After finishing my Masters degree in Computer Science at OGI in the spring of 2004 I returned in the fall of 2004 to start my second Masters degree in Electrical Engineering. I had decided to return for the Electrical Engineering degree as I was working for the processor design group and even if I did not finish I knew that a solid EE background would be helpful. Also, Intel agreed to pay for the degree and at $2500 a class it seemed like an offer I could not refuse.
What follows is a small description of the three classes I took in the EE program at OGI. After the first year I decided to stop taking classes as my wife was also returning to school to start her advanced degree. Once she finishes her degree I may return to finish up my EE degree but at this point in time it is so far away I can't say for sure one way or the other.
EE570 - Advanced Logic Design
Despite what the title says, this is really an introductory class to logic design. This class was my first introduction to both structural and behavioral verilog. Most of the Karnaugh maps and circuit designs we learned in this class are rarely used anymore as computers synthesizes most of this for you now. We spent a lot of time with the simulator and the final project we worked on was carried over into the next class.
EE571 - System on Chip
This class was a lot of fun. For this class we got to program a real FPGA. The lab boards we used had about 4 LEDs, 4 input buttons, and 4 8 segment displays for showing numbers and letters. It also had a serial input (which we did not use) and a vga output (which we did use). The first lab we did was to create a basic stop watch on the 8 segment displays, using the buttons for controls. In order to program the board we would write behavioral verilog on the computer, simulate it, check for bugs, then synthesize it on the computer and download it into the board. Once download the board could be unplugged from the computer and used stand alone.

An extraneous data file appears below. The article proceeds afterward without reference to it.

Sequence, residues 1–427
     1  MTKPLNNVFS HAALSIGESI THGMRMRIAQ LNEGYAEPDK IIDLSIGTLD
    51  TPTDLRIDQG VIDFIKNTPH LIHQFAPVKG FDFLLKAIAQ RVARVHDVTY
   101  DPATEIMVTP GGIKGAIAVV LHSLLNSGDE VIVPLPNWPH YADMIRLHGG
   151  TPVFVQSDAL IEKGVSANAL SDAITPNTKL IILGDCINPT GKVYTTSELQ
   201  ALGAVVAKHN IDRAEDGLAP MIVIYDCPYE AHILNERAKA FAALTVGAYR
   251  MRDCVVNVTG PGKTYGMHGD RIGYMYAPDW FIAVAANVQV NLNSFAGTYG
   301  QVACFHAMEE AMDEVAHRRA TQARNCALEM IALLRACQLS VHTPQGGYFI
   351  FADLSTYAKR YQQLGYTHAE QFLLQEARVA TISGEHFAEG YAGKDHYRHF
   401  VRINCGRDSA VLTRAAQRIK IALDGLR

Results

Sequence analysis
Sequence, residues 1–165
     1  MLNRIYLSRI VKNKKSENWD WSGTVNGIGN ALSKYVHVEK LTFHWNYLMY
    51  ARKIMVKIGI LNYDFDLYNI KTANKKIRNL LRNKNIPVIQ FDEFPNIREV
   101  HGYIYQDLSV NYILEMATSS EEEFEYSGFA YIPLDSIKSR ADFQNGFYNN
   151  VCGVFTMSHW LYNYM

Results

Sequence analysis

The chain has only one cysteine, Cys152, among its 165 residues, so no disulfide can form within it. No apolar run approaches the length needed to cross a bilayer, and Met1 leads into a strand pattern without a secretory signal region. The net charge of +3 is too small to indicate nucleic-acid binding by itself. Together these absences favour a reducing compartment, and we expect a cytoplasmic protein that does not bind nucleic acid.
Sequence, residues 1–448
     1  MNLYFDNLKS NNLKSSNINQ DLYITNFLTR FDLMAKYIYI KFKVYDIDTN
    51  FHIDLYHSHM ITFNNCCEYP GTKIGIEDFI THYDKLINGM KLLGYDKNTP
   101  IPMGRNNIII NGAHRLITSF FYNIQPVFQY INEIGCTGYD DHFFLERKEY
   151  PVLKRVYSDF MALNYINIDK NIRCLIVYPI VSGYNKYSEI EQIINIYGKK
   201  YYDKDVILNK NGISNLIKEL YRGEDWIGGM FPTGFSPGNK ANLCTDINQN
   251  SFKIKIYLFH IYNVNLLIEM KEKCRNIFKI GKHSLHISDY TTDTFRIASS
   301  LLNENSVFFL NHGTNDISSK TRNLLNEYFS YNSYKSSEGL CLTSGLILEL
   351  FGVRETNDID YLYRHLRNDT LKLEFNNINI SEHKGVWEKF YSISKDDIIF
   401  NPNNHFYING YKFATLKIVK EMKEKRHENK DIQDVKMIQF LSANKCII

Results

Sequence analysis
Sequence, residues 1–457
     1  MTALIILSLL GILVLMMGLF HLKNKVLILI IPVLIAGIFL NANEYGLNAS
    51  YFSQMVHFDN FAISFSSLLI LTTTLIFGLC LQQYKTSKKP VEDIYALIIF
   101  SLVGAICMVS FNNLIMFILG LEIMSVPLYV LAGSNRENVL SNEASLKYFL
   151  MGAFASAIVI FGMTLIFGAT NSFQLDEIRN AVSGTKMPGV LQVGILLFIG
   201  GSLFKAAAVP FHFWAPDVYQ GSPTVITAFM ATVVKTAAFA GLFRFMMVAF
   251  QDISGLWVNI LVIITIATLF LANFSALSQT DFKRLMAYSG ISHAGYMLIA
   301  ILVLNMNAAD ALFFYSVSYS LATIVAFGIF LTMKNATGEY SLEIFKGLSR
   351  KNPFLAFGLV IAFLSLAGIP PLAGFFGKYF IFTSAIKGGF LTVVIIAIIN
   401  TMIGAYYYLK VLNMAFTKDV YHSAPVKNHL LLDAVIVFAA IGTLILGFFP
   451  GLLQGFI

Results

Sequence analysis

For the final project my group (two people) decided to do a breakout style game using the vga output. The vga output had to be programmed with the write horizonal and vertical sync rates. The instructor had given us a very small 9 bit cpu which we were also able to use in our project. Since a 9 bit computer can only take 2^9 instructions I had to create several off cpu processors to handle compute intensive tasks, like collision detection. We were able to complete the project on-time and both instructors were able to play the game ... although neither was able to complete the board. (Which is a good thing, as we only had the one board programmed.)
EE572 - Advanced Digital Design Timing Analysis
This class was probably the most difficult class of the three. The first class was an introduction, and the second was a time intensive lab class, but this class required the most analytical thinking. We learned how to deal with metastability and how to design with timing constraints. The most interesting subject in this class was designing for micro-pipelines, which is also called self timed logic. After going through all the pain of clock timed logic, self timed logic seems like a breath of fresh air. If given enough time I would love to explore this topic further.